Security testing

Kamil Paral kparal at redhat.com
Tue Aug 16 12:11:33 UTC 2011


> > I don't know how Steve's tests behave, but:
> > 1. We can't run destructive tests (uninstalling packages, deleting
> > system
> > files, stopping services).
> 
> All are read only. I have several more that do stuff like start each
> servoce and scan
> the audit logs for AVCS, then stop all services. But this is
> disruptive and require
> running apps. So, I have saved some of those for a later release.

Great.

> 
> 
> > 2. We can help Steve create the AutoQA wrappers
> > for those tests, but we can't maintain the very tests themselves,
> > obviously. He has to do that.
> 
> If you look at the test source, you can pull them in and maintain them
> yourself. Most
> are very simple ideas.

No, we can't. We already maintain some tests we don't fully understand and I regret it all the time. Well, at least that's my opinion. I'll discuss with team members to learn some common stance.

We want to provide the architecture that other people (like you) can use and execute useful tests. Maintaining third-party tests is very time-consuming, especially when users (i.e. test output recipients) start to complain about something that's not our code, and it diverges us from our goals. You have to be the one.

> 
> 
> > 3. Unfortunately we don't have an
> > infrastructure for third-party test maintainers. Currently the tests
> > have
> > to be in our git, that means he has to send any changes in patches.
> > We
> > deploy new version only once in several weeks at best. 4. I suppose
> > these
> > tests would run after each koji build. The only way of reporting
> > results
> > right now is to send emails for those maintainers that opted-in for
> > this,
> > nothing else.
> >
> > That said, we would love to execute more tests for Fedora. But until
> > the
> > proper support is ready, it takes quite some effort. The first
> > approach is
> > go through the tests, select some appropriate ones and do that now.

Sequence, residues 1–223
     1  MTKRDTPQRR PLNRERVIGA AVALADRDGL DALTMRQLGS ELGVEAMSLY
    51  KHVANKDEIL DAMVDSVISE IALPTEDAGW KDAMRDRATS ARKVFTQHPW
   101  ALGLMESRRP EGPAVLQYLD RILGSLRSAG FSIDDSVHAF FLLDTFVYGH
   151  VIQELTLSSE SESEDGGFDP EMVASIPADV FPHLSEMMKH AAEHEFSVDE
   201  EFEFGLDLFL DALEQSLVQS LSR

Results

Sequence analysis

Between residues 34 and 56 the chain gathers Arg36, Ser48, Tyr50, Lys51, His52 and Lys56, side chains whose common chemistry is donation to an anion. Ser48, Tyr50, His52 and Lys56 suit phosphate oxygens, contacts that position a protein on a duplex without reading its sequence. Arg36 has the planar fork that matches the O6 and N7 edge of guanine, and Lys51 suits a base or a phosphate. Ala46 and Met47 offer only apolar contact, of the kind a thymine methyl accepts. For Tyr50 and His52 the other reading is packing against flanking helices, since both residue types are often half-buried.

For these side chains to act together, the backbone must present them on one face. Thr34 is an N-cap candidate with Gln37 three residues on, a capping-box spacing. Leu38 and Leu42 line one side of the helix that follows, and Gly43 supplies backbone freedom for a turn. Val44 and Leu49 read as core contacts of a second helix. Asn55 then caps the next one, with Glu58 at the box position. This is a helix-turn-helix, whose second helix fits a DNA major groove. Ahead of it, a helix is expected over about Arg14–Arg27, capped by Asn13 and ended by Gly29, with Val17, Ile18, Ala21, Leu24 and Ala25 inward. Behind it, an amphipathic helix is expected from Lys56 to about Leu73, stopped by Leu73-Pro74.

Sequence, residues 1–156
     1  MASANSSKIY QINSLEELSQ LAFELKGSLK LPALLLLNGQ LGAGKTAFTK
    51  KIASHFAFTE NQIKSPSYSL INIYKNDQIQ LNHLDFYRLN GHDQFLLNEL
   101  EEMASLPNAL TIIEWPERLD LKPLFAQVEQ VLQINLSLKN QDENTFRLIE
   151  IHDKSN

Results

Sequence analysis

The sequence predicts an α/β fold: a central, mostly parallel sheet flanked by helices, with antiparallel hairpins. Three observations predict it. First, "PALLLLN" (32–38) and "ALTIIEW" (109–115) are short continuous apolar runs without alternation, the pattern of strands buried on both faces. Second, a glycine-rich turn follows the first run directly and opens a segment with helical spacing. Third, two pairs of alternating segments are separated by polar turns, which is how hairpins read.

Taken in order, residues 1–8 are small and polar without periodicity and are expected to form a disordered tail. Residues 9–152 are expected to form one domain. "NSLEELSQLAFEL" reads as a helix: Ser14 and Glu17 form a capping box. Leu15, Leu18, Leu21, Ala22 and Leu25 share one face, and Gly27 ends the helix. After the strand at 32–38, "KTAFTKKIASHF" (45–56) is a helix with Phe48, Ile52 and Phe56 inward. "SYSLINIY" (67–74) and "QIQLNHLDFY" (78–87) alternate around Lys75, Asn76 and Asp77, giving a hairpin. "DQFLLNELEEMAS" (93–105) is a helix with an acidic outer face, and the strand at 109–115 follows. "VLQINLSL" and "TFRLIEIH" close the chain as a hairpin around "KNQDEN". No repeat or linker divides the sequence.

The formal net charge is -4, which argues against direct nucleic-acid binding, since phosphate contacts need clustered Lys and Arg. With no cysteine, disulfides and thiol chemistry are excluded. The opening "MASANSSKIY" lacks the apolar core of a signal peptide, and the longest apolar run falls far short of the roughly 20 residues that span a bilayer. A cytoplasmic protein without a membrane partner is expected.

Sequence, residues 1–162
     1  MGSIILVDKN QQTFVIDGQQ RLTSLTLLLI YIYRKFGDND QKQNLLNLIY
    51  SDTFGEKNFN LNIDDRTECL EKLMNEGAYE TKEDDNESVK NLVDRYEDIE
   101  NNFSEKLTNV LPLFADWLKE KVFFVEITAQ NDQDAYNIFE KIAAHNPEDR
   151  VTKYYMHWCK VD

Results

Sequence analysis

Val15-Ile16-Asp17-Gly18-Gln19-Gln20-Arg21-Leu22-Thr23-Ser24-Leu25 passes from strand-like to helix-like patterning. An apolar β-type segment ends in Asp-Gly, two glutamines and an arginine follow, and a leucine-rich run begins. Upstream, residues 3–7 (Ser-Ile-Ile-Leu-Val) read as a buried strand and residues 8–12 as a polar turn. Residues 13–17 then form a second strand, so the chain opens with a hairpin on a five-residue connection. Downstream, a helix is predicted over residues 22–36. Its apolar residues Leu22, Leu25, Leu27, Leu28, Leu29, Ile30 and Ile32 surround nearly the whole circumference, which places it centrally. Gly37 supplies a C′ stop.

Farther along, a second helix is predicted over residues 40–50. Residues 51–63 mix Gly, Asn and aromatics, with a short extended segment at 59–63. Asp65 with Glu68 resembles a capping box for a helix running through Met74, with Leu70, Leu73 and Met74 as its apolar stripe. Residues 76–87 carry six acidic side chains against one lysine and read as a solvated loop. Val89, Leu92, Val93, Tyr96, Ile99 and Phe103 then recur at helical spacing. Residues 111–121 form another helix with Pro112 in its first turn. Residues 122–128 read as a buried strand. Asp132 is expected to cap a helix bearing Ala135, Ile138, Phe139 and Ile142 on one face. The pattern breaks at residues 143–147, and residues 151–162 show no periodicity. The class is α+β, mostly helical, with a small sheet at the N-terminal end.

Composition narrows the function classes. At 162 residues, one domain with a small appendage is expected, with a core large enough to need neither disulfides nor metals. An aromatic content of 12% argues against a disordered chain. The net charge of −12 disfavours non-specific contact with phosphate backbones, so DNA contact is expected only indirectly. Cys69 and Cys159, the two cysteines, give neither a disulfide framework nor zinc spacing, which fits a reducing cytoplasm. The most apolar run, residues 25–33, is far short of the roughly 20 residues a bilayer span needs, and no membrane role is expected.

> > The
> > second approach is wait some time until we are ready and then Steve
> > can
> > maintain these tests independently and we just execute them. We will
> > of
> > course create a ticket about that and follow on it when that time
> > comes.
> 
> How do we pull some of these in? 

I'll start the discussion in our team. I'll also create a ticket and CC you.


> I am interested in making sure we do
> not regress on
> the executable stack portion at a minimum. Between NX, FORTIFY_SOURCE,
> and stack-
> protector, we have pretty much won the stack overflow/inject shell
> code battle
> (excluding ROP possibilities) and I would hate to see that make a
> return.
> 
> The find-hidden-exec test is also something people should run, but
> maybe during testing
> of a release after using it. It found some interesting problems over
> the years.
> Usually due to file creation with very bad permissions.
> 
> The find_chroot test could run each build. It recently found a
> security problem in
> libcap. We really don't want apps that can escape the intended chroot.
> There is also a
> python equivalent. It finds lots of problems. But I think that part of
> the problem is
> python devs think python takes care of things, or maybe they don't
> know how to move
> all modules in the chroot and changing into it makes the program
> crash. Either way,
> there are some problems in python that need addressing.
> 
> The find-sh4errors script can run each build. The idea is that bash
> has a mode, -n,
> that it simply parses the script and does not execute it. This finds
> many problems. And
> we really don't want to ship scripts that bash won't parse.

This sounds like a good starter. At least I can imagine what it does.

> 
> The other scripts are harder to say they should be automated and run
> for each build.
> But I guarantee that if you want to find bugs in the distribution,
> start trying some of
> these scripts. There are lots of problems - enough glory to go around
> for everyone. :)
> 
> -Steve


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